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Carene's Wellness Corner

Migraines: The most effective treatments

People with mild to moderate migraines may opt to take over-the-counter medications containing ibuprofen or naproxen for relief. But for some of them, this treatment can actually cause more migraines (called rebound headaches).

S.M. Arshad Iqbal, MD, neurologist and director of the Stroke Program at Kent Hospital, says a better plan of action might be to take prescription medications, and fewer of them.

"Seek medical attention early on because good treatments are available," he suggests simply.Treatment for migraines

Linda Gare, 51, of West Greenwich, knows the value of finding the right medications. She was getting bad migraines every month that would last up to three days at time, and a prescription from her primary care physician wasn't working well.

When she suddenly started to get tremors (another neurological condition), she sought care from Dr. Iqbal, who prescribed propranolol.

"I was pleasantly surprised to find out that the medication helped my migraines. I can function through them now," says Gare, adding that the frequency and severity of her migraines have decreased substantially.

Interestingly enough, some medications, such as the one Gare takes, were not specially designed to treat migraines, but have had great success for patients.

Abortive treatments

Dr. Iqbal explains that migraine medications fall into two categories: acute treatment (or abortive treatment) and preventative (or prophylactic treatment). People take an abortive medication to get rid of a migraine, and Dr. Iqbal suggests it at the first sign of a migraine so it will be the most effective. Abortive drugs, he says, fall into two different drug classes:

  1. Non-steroidal anti-inflammatory drugs (NSAIDS), which include low-dose over-the-counter medications such as ibuprofen or naproxen.
  1. Triptans. A migraine can occur when the level of serotonin, a chemical in the brain, is level. This causes blood vessels to constrict and lowers your pain threshold. Triptans, which increase levels of serotonin, are effective in about 50% of patients, Dr. Iqbal says. The most common drugs in this class are sumatriptan, eletriptan, and naratriptan. The latter lasts longer in the body and is ideal for patients whose migraines tend to return later in the day. If your migraines are accompanied by nausea, rizatriptan (an oral medication that dissolves under your tongue) may be your best choice. If nausea is severe, consider using an injectable form of medication that you can administer under your skin like an epipen. It works much faster than oral medications.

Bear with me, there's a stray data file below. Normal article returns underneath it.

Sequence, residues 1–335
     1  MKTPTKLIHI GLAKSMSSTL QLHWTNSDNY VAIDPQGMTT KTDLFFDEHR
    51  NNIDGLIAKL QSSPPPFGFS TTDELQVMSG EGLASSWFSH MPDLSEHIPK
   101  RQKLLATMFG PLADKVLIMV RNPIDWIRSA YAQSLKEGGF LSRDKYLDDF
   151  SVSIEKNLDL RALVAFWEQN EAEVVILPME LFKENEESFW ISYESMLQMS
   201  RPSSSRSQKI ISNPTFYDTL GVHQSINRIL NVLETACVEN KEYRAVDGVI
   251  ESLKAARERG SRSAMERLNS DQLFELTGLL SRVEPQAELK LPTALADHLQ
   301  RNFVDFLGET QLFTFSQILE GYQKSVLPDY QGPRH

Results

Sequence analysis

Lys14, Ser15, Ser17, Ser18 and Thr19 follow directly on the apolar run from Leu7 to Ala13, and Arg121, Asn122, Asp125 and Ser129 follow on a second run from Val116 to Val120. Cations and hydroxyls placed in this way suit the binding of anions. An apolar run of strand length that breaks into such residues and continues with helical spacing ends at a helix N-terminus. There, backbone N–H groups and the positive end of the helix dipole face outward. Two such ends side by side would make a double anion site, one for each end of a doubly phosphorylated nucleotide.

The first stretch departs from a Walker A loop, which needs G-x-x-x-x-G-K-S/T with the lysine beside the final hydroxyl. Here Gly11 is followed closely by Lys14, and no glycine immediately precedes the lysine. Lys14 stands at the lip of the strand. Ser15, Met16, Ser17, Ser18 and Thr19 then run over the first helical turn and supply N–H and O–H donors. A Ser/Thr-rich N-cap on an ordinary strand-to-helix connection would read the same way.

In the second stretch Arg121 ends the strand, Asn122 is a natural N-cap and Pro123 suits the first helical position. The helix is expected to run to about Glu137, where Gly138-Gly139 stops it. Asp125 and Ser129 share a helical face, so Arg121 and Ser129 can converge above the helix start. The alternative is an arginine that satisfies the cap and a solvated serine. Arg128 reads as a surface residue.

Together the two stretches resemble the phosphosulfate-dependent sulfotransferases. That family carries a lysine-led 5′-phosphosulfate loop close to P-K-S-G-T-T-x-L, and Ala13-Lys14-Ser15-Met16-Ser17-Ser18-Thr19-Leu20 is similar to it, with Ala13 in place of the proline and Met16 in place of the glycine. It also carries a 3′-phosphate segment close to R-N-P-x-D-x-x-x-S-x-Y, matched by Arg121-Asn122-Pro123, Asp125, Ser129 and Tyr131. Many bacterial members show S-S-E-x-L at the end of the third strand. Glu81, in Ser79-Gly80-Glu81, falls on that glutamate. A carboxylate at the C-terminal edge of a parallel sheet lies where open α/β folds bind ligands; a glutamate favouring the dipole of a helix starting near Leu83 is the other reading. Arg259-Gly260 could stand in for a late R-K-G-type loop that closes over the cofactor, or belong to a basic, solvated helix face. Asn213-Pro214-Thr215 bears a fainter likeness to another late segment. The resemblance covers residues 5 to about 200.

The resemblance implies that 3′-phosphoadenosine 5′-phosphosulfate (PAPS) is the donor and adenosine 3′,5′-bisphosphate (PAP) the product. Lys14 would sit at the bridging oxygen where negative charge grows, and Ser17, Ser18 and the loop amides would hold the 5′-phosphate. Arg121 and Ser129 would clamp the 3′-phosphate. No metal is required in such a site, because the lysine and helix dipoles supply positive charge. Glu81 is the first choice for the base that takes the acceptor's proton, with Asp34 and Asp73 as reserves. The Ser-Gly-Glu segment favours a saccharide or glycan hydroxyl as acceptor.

Patients who dread using a needle may want to try an injectable form of a sumatriptan that doesn't require one. Simply put the injector tip on your belly and firmly press a button on the end. The substance will penetrate your skin.

Preventative treatments

These are medications that must be taken daily. Start at a low dose and allow them to build up in your body. There are three classes:

  1. Beta blockers, which were originally created to treat certain heart conditions. "Propranolol seems to be the most effective drug in this class for migraines," Dr. Iqbal says.
  1. Anticonvulsants or anti-epileptic drugs. Originally developed to control seizures, these work well for migraine sufferers. Dr. Iqbal commonly prescribes topiramate and levetiracetam.
  1. Tricyclic antidepressants. Designed as anti-depressants, these drugs also relieve migraines. Drugs in this class include amitriptyline and nortriptyline.

Other options

These prescription medications may not work for some patients, due to the person's genetic makeup or how the body processes medications. Other people may experience undesirable side effects from them or cannot take them with other medications.

If this is the case, Dr. Iqbal may prescribe another type of drug - botox. This drug is injected intMigraine reliefo the scalp, neck, and shoulder muscles every three months.

Get relief

With all of the medication options and forms available today, there is no need to suffer through a migraine if you don't want to. A neurologist can help determine which medication is the best choice for you.

- By Karen Appold

Care New England
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